Ravi Chaudhary is 15 years old. He spends almost all his time at the Manikarnika Ghat in Varanasi. He picks the shrouds off dead bodies and sells them for a few rupees. Thats how he earns a few hundreds a month,and thats what feeds his family. In the last five years,he says he has cremated over a thousand bodies.
Rajesh S Jalas excellent documentary Children Of The Pyre,out for the first time this week in India,tracks Rajesh and his gang as they go about their gory business among the burning ghats along the Ganga. The sacred fire is not allowed to be doused. Its been here,they say,from eternity. If you burn your dead here,they will go straight to heaven. But the ancient belief and its practice has pushed the lives of Rajesh and his fellow shroud-pickers into a living hell. Like the dead,they burn.
Laash aati hai,khatam ho jaati hai, says a very young shroud-picker who looks,impossibly,still like a child. Yeh toh murda jalane ki factory hai. The children sleep right there. We see them on the ground,much like the bodies they service. They smoke dope,to tune out the acrid smoke that permanently wreathes them. They never seem to eat: at least we dont see them doing it in the film. Wheres the scope of appetite with the sights and sounds of the mass funeral filling your soul?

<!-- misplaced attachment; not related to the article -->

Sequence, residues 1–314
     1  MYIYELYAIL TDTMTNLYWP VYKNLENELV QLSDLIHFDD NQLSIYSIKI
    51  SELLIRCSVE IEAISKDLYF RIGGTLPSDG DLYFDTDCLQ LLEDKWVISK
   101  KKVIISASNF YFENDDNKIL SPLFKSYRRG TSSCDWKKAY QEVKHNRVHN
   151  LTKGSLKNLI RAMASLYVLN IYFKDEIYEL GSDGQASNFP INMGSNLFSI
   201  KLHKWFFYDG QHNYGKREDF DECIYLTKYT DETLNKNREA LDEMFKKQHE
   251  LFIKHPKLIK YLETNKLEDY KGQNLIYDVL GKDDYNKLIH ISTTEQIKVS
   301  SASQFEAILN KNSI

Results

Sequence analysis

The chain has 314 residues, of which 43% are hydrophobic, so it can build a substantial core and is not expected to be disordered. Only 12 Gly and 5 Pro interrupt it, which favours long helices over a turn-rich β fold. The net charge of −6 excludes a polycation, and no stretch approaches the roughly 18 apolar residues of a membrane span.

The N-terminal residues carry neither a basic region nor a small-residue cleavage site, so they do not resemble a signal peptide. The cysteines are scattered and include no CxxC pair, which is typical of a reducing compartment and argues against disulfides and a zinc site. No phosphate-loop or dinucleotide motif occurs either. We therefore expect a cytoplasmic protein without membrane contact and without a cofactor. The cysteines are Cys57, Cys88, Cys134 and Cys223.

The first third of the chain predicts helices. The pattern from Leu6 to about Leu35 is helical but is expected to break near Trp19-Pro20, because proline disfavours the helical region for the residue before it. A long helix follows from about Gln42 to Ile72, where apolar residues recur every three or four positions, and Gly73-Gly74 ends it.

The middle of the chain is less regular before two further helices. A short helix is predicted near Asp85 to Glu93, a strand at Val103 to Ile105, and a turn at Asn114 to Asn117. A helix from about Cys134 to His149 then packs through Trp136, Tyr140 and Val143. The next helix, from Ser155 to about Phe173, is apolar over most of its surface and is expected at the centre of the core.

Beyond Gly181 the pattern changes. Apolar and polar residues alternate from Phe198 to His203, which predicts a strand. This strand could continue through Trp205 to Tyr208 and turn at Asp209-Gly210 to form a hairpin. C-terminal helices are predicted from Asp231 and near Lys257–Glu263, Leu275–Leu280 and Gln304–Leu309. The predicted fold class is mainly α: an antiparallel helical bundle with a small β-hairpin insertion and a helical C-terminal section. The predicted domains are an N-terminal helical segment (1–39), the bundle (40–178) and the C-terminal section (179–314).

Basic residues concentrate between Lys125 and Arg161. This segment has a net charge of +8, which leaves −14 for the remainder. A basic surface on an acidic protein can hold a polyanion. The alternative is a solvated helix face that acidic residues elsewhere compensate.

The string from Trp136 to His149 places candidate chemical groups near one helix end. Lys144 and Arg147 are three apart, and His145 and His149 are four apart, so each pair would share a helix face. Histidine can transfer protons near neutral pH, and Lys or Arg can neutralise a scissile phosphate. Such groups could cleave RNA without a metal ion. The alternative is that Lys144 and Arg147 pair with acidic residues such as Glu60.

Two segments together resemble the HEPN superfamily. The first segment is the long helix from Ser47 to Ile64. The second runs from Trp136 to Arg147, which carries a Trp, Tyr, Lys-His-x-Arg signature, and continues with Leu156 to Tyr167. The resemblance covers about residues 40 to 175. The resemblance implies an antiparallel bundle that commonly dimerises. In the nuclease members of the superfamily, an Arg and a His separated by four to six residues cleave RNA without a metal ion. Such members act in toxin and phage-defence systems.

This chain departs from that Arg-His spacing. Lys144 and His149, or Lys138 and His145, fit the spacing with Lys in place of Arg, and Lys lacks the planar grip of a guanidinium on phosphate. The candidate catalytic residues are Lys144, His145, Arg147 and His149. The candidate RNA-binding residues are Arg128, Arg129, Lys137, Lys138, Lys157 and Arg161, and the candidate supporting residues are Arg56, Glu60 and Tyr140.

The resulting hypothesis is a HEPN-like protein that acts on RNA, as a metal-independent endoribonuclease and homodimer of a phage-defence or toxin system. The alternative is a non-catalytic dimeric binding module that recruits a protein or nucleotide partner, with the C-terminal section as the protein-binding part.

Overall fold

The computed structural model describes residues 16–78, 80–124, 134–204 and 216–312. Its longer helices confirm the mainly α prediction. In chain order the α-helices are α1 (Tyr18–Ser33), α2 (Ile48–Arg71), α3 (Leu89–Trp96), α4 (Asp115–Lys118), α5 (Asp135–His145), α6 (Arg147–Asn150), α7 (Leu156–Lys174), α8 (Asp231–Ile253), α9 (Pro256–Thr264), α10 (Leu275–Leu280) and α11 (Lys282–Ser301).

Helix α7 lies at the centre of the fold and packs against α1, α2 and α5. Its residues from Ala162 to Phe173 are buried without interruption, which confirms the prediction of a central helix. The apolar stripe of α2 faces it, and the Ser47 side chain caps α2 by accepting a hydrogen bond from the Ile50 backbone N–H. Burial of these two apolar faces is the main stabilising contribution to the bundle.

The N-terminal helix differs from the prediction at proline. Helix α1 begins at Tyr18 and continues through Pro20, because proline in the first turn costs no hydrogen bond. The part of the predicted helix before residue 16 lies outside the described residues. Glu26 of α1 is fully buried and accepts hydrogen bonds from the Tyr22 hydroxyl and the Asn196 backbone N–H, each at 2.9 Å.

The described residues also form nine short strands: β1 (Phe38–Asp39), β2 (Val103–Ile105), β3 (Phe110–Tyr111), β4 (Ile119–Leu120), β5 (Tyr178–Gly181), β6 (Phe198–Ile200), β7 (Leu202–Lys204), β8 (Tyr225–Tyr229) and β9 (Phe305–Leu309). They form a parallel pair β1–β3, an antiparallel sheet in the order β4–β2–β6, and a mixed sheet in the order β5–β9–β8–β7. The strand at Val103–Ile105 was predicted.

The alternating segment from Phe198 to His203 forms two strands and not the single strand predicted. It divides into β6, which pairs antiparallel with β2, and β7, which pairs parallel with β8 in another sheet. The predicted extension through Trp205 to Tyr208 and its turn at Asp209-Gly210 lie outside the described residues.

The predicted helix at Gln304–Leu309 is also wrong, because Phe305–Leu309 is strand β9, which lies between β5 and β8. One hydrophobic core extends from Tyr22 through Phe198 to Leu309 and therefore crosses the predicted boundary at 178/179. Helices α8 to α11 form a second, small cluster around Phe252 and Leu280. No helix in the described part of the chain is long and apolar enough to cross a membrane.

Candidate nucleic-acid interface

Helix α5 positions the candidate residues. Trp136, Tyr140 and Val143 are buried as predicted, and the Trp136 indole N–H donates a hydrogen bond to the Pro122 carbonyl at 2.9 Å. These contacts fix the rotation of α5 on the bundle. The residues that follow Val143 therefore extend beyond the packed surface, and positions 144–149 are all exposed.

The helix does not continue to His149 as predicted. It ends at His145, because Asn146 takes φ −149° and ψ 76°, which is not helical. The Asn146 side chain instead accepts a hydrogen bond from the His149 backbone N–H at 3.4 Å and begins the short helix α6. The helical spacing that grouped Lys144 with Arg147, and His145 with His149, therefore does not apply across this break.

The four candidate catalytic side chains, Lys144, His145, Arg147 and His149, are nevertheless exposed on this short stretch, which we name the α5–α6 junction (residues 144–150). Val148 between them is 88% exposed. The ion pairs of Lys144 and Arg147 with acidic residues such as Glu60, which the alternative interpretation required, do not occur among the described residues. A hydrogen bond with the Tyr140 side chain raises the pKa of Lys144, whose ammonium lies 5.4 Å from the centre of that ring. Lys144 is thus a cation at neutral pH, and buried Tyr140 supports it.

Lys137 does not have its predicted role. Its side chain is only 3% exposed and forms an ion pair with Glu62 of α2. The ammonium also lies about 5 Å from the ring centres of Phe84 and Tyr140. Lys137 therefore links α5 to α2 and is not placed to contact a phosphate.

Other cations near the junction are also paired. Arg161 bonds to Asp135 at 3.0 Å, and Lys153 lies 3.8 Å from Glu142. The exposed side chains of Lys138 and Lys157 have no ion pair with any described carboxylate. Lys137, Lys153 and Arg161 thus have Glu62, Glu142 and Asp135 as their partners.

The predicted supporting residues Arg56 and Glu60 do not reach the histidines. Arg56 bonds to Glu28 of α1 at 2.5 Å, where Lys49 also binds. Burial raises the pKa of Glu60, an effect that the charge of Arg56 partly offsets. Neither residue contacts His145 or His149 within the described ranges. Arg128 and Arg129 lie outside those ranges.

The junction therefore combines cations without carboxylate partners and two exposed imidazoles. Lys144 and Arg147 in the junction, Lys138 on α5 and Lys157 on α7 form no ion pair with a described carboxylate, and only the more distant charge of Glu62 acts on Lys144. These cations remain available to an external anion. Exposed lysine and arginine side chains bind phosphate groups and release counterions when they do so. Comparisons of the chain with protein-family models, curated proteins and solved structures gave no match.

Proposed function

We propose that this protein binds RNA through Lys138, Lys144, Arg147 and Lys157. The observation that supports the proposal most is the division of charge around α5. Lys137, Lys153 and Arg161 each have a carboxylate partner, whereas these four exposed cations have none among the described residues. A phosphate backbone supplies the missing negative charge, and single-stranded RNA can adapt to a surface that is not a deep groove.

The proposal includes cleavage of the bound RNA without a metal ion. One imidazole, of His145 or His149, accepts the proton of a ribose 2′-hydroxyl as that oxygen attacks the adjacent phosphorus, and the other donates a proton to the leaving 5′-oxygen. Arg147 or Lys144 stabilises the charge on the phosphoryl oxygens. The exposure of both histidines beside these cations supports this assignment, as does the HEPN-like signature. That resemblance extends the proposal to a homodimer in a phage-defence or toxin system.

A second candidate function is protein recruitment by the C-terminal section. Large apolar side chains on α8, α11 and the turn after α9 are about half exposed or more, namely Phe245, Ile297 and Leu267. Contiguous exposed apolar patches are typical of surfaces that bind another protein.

What we do see is rows and rows of bodies,with legs and heads sticking out from pyres. Family members sometimes want the boys to make sure that they burn right,by poking a stick into the chita. Its enough to drive anyone insane,and the good cheer and resilience that Jala catches is amazing. He follows them to a late-night nautanki with a girl gyrating to Beedi jalai le on a make-shift stage right above the ghats: the irony is inescapable.
One of the boys sings,not very accurately,the national anthem to mark Independence Day,and you wonder at the children and their lives: freedom to do what,to be what? Last year,Jala began working with the help of an NGO to educate the boys,to get them out of themselves. A worthy step.